Covid-19: the mystery of naturally protected people finally solved?

A recent study finally helps explain why some people seem immune to Covid, even without a vaccine.

Its authors hope that these results will contribute to the development of additional vaccines and treatments.

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Covid-19: life with the virus

If vaccines help protect against serious forms of Covid-19, some of us would already have the resources to fight the disease, thanks to our genetic heritage. Advanced in 2021 in the midst of a health crisis, this avenue is now supported by science, and it is even possible to explain why. In the patients concerned, a particular immune response localized at the level of the nasopharyngeal mucosa would prevent the virus from spreading and causing a prolonged infection, detail the results of this work recently published in the journal Natureand relayed by the New Scientist.

“Not only will these findings have an important impact on the development of next-generation interventions against SARS-CoV-2, but they should also be generalizable to other future epidemics and pandemics,” points out Christopher Chiu of Imperial College London, who led the study among Nature.

High interferon response at the nasopharyngeal level

To achieve these results, the international team led by Imperial College London analyzed in detail the immune responses immediately after infection of 16 healthy volunteers with no history of SARS-CoV-2 infection or vaccination after inoculating them with the virus nasally. In detail, nasal and blood samples were taken before exposure, then six to seven times over the following 28 days and patients were tested twice a day during the experiment.

Verdict: Researchers have discovered specific immune response sequences never before observed. Among the 16 volunteers, six tested positive for more than 48 hours and presented symptoms, three tested positive during the first tests, but did not have symptoms and seven others tested negative despite exposure to the virus. and did not have any symptoms either. However, the researchers observed that the response to interferons was significantly higher at the nasopharyngeal level, which would have made it possible to prevent the infection from lasting long and deep.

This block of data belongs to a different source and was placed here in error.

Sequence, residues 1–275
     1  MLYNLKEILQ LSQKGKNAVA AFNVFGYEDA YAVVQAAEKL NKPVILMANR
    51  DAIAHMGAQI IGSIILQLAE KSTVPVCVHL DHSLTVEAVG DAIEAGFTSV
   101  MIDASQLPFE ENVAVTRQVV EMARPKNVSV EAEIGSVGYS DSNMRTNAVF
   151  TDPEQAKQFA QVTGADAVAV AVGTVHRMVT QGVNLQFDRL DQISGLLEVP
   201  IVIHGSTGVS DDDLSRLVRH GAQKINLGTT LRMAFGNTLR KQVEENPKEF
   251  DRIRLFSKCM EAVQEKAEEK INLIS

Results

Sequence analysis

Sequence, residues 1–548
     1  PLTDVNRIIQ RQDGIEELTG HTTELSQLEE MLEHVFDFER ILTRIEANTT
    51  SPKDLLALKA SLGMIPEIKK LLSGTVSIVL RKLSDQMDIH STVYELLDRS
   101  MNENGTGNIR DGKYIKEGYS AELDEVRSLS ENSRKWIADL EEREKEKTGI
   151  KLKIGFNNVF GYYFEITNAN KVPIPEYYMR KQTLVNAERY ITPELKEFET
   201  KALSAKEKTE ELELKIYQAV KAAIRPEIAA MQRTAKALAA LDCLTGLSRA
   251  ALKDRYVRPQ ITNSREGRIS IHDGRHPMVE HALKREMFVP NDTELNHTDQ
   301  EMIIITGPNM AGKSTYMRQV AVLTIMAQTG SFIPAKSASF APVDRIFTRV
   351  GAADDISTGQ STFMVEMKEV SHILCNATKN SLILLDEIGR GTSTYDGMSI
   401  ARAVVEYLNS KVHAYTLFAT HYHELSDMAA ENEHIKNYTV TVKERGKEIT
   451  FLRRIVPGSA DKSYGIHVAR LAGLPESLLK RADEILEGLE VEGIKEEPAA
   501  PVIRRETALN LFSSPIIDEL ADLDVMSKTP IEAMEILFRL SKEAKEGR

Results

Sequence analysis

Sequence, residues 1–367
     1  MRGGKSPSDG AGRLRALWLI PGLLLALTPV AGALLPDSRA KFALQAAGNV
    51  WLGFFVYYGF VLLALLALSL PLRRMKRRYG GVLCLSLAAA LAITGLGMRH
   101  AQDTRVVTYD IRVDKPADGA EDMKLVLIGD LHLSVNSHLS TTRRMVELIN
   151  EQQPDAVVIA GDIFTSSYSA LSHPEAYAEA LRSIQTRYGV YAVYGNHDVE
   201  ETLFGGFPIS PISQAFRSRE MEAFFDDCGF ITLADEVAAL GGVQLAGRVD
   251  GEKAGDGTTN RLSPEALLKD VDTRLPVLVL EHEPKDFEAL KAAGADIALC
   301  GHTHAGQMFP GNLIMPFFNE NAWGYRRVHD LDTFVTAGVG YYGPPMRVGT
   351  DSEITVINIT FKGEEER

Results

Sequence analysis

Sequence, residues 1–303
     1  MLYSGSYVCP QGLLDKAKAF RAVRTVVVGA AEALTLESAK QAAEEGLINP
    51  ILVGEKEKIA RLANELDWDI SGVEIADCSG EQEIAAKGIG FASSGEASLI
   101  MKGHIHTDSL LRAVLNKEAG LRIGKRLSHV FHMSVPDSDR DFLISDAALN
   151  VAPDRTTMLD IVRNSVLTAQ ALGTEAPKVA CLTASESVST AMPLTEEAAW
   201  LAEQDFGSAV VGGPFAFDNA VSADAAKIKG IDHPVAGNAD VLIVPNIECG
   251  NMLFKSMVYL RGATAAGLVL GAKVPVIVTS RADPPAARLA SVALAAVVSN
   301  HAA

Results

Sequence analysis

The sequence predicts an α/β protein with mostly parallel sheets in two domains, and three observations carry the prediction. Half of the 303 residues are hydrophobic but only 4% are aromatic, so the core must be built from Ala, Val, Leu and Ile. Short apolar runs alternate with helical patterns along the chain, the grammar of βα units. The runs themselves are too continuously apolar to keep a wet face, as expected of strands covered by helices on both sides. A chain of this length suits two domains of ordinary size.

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“This was a unique opportunity to see what immune responses look like upon encountering a new pathogen, in adults without a history of Covid-19, in a context where factors such as timing of infection and comorbidities could be controlled”, Rik Lindeboom of the Dutch Cancer Institute and co-senior author of the study further commented in a press release. By offering a better understanding of these responses, these results open the way to the possibility of developing new therapeutic or vaccine strategies, targeted in particular by T cells for both Covid and other infectious diseases.

Note, however, that the study only concerns the original strain of SARS-CoV-2 and therefore none of these new variants. These results may therefore not accurately reflect immune responses, as the majority of people are now exposed to different strains of the virus.




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